We all have different perspectives. Her reasoning might have been just as valid as his. The problem is that it was different and she let her perspective overrule his. That’s a problem you might see if you entrust tasks to volunteers. They’re not machines with no ideas. They’re people. Sure, maybe the two-line/four-line controversy doesn’t matter as much, but what happens when a choice made by a volunteer that “looks better” doesn’t? What happens when “cool” trumps legibility in an important moment? What happens when you want to do better, yet your limitation isn’t the technology, but the perspective of the people using it? What do you do then?

How to get the best of both worlds:

How do you solve these real problems?

First, recognize your limits. If you’re a volunteer, don’t overcommit. If you’re a staff person, don’t avoid delegating. Give people who are trustworthy responsibilities they can run with and do a great job on.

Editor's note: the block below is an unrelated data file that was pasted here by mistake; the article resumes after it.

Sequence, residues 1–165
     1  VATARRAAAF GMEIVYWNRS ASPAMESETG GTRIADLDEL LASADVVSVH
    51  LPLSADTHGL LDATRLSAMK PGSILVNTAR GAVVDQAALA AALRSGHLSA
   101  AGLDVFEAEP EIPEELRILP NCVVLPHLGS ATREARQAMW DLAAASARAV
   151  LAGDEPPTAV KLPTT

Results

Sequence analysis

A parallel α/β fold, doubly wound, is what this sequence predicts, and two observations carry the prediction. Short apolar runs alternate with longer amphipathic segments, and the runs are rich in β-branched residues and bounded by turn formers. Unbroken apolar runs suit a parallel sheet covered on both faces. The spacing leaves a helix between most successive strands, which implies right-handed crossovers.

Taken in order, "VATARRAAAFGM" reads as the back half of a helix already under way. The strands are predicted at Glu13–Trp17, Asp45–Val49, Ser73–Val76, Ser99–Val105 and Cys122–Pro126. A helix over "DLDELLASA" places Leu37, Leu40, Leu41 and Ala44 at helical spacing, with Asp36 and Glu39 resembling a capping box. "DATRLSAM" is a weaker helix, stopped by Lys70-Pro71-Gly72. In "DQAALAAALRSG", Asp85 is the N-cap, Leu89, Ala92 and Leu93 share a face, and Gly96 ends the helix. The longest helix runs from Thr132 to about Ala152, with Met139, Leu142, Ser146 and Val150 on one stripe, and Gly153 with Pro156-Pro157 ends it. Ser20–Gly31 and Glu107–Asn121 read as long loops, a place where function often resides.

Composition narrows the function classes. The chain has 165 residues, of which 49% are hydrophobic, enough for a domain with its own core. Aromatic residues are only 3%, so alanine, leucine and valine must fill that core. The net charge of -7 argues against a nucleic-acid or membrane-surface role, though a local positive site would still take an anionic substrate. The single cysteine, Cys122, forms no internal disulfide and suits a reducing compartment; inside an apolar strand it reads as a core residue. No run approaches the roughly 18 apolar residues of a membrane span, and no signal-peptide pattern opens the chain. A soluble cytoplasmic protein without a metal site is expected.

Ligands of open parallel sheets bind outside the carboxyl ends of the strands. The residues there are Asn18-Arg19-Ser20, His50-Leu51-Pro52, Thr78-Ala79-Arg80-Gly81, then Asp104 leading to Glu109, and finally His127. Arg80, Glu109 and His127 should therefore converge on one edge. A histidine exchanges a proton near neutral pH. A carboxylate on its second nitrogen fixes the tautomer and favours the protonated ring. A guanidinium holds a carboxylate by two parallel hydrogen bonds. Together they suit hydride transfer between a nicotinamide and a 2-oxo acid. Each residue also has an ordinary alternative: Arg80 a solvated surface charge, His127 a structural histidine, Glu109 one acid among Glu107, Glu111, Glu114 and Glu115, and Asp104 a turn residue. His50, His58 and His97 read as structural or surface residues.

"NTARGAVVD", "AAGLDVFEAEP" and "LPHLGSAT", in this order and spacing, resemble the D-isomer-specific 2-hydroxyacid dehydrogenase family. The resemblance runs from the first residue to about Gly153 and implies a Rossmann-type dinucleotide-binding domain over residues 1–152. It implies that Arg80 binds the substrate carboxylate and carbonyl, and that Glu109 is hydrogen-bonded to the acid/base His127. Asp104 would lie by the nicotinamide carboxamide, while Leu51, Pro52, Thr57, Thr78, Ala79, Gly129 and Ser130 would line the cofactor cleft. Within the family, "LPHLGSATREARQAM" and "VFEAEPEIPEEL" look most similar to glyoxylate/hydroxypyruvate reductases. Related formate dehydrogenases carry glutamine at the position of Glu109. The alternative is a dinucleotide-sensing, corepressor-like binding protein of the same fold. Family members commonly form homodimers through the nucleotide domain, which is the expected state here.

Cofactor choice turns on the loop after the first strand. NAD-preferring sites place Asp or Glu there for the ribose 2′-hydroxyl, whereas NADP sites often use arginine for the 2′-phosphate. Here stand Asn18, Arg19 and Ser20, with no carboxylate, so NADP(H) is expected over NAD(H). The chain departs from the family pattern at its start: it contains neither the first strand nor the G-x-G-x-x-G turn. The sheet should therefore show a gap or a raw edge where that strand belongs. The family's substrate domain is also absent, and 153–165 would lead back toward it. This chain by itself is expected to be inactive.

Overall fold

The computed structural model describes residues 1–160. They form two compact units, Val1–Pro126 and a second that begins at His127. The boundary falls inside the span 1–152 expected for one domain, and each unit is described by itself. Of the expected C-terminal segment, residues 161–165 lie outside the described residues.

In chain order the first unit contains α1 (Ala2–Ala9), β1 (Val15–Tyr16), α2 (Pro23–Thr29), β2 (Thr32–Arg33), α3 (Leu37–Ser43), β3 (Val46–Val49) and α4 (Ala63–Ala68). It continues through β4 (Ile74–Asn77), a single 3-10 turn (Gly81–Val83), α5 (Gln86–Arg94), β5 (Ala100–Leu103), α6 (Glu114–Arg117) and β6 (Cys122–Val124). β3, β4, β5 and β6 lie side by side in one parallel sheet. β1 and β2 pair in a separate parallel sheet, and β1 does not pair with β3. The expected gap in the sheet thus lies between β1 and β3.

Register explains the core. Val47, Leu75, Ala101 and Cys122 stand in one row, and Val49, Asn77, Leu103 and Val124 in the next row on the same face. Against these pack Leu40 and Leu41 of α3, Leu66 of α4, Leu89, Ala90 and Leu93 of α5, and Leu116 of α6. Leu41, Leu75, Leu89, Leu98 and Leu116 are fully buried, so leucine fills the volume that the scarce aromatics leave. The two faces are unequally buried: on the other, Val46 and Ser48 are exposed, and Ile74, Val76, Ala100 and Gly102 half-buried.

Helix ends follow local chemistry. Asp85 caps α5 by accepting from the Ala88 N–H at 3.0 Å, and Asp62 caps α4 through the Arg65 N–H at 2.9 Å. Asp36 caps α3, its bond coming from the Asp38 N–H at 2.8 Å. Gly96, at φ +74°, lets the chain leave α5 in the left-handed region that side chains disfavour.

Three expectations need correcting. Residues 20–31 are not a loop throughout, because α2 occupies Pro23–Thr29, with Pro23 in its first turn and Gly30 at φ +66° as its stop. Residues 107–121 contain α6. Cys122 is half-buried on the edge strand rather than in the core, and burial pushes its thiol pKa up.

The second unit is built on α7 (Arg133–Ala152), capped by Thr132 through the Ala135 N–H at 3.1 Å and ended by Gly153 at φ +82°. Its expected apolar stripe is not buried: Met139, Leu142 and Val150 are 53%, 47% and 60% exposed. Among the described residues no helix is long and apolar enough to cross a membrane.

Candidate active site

If you have people that need more training, provide training. If you Google “ProPresenter” and a question, there are tons of videos answering those questions. Empower people to learn on their own OR even better, invest in resources to train them. Consider resources like ChurchTechU, a tech training program for your whole church, whether staff or volunteer. It includes courses on running ProPresenter, creating presentations, creating sermon notes, and more.

Finally, remember that volunteers and staff are real people. Assume the best about each other while trying to maintain the balance of growth and stability. Don’t assume “they won’t do this” or “they can’t”. Instead, work together as a team to bolster each other’s weaknesses and capitalize on each other’s strengths. That way, you’ll be able to build a team based on service, whether it’s paid, or not.